Here are a Few Tips for Preparing Your HydroCourt(s) for the Spring
1. Control Boxes: Make sure to re-install the drain plugs and turn the water system back on. Also, check to make sure that the valve for the court’s drain line is closed. Check the float valve to make sure that it is operating correctly and that any hard freezes haven’t damaged the valves or box.
2. Drainage: Make sure that the ground around the low side of the tennis courts (the side to which the water drains) is below the height of the curb. If it is not, water will be dammed up on the court surface and the affected area will drain much more slowly than the rest of the court and flood much sooner after a rain. Also, remove any excess material which has accumulated on this same side of the court, as it will also cause a damming affect when it rains. A 12″ wide ditch with a positive flow away from the courts should work to remove the excess surface water in normal rain conditions.
3. Dead Material: Remove all dead material from the court surface. Dead material is any HydroCourt material which no longer has any fines in it. Typically, this material will accumulate under the net, around the sides and in the corners of a tennis court. The dead material should be saved as it can be re-used if heavy winds deplete the court’s surface material.
4. Line Tapes: Check all of the lines and replace any worn or torn tapes. Old tapes can be a hazard to the players as they become very slippery when worn. We recommend replacing all of the lines on a HydroCourt every 2-3 years in the South and as needed in the North. Copper nails are expensive, but they can usually be saved and re-used. Aluminum nails are much less expensive and generally work best when new, so we do not normally recommend using them again.
5. Nets: Clean the head band with some strong mildew remover. After cleaning, spray on a good silicone or Armoral type preserver. Check to make sure the side lacing is secure and that the anchor pipe holding the center strap is clean and rust free. Now would also be a good time to check the center strap, in particular the double-snap hook which connects it to the anchor pipe.
6: Net Posts: Wire brush, prime and re-paint all net posts. Special care should be taken with the crank if the crank is exposed to the weather. Internal crank posts should be sprayed with silicone or some other lubricant to ensure against oxidizing and locking up. If your posts are bent, they can be re-heated by a welder and pulled back into shape. If the poles are pulling up the concrete base, it is best to dig them out and re-set in a new foundation. Typically this hole should measure 2.5′ x 2.5′ x 3′ utilizing 3,000 psi concrete. Posts are set 42′ apart.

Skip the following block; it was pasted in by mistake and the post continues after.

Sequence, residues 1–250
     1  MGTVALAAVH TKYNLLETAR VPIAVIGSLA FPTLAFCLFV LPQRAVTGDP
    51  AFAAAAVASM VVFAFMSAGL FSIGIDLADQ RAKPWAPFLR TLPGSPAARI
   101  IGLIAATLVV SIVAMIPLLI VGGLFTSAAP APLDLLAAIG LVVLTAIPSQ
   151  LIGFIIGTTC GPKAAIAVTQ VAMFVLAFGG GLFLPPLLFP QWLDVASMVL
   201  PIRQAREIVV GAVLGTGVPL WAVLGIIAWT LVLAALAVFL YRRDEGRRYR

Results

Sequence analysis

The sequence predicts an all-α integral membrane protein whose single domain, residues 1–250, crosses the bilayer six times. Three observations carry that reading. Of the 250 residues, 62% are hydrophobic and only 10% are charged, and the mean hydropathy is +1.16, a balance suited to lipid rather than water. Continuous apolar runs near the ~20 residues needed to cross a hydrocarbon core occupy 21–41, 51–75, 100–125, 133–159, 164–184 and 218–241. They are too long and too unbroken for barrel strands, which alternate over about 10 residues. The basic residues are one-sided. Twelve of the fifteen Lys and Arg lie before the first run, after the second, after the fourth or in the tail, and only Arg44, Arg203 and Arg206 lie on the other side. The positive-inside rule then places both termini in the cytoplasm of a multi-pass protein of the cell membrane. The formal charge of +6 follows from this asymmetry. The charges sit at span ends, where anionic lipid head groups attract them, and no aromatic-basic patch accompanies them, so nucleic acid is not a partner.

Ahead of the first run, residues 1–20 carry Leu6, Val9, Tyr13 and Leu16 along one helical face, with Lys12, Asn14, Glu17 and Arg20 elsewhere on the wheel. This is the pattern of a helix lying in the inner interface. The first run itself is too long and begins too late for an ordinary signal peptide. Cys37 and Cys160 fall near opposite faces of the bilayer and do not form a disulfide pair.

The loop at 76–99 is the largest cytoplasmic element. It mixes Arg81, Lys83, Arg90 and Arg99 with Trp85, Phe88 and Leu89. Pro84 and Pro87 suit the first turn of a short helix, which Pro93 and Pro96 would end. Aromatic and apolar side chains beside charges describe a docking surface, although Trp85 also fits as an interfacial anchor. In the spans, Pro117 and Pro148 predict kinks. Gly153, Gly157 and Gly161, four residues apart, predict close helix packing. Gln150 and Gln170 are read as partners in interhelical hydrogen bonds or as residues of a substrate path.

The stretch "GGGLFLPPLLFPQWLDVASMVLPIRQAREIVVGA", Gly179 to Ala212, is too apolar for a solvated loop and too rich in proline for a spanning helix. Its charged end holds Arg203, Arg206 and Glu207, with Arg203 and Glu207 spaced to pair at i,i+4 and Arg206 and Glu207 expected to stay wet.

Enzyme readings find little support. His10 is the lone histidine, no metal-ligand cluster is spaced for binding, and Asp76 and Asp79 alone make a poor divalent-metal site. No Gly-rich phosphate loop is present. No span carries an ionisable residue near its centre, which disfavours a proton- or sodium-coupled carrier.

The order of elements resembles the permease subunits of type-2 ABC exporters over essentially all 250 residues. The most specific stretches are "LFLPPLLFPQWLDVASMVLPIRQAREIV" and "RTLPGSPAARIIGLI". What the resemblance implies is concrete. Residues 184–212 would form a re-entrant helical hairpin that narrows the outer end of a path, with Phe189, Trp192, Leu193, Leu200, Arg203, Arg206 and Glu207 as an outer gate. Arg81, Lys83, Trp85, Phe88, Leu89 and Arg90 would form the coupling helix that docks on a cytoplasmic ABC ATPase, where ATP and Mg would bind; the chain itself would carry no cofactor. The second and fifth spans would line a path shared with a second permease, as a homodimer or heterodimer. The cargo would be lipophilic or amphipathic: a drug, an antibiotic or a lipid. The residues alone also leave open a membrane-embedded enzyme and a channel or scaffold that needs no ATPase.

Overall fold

7. New Material: Add new material to the court(s) as needed. Generally you want to add at least 20 bags to the court in the spring (50 bags over the entire year). Pay close attention to the wear areas such as the baseline and the doubles net area. Make sure that the court is a light grey in color and therefore dry, before adding any new material. Also, it is a good idea to scarify any areas that you are patching before you apply the material. Drag and water immediately after adding the material. Roll at least three times after the court has dried. The courts will be soft for a week or two, but play is the best thing for them, so after you have finished the rolling, by all means let the play begin.
8. Sterilize: Place a good vegetation sterilizer within 12″ both inside and outside the perimeter curb. A border of at least 12″ is necessary to prevent encroachment of weeds, grasses and roots. Follow all directions when applying weed killers and sterilants.
9. Lights: Check all fixtures for rust, loose bolts and loose connections. Pay close attention to any signs of wear. Clean and paint where necessary. Completely clean the lens of the lights. As much as 50% of your lighting can be lost with dirty lenses.
10. Equipment: Oil and lube your roller and/or power unit. Clean and repaint any metal that has rusted or shows sign of wear. Check oil, plugs, tires and hinges for wear. Check all of your brooms and line sweepers making sure that you have spare brushes and brooms. You can get by not rolling the courts for a few days, but the court lines must be brushed daily and the court should be broomed twice a day at least.
11. Roll, Roll, Roll: If your courts freeze in the winter they will need a lot of rolling in early spring. You can add some weight to the roller to help with this process but nothing works better than simply rolling the surface – a lot. If you do leave your lines down be careful not to turn or twist with the wheels or the roller while riding on the lines. This process may take a week or two so be patient and keep at it.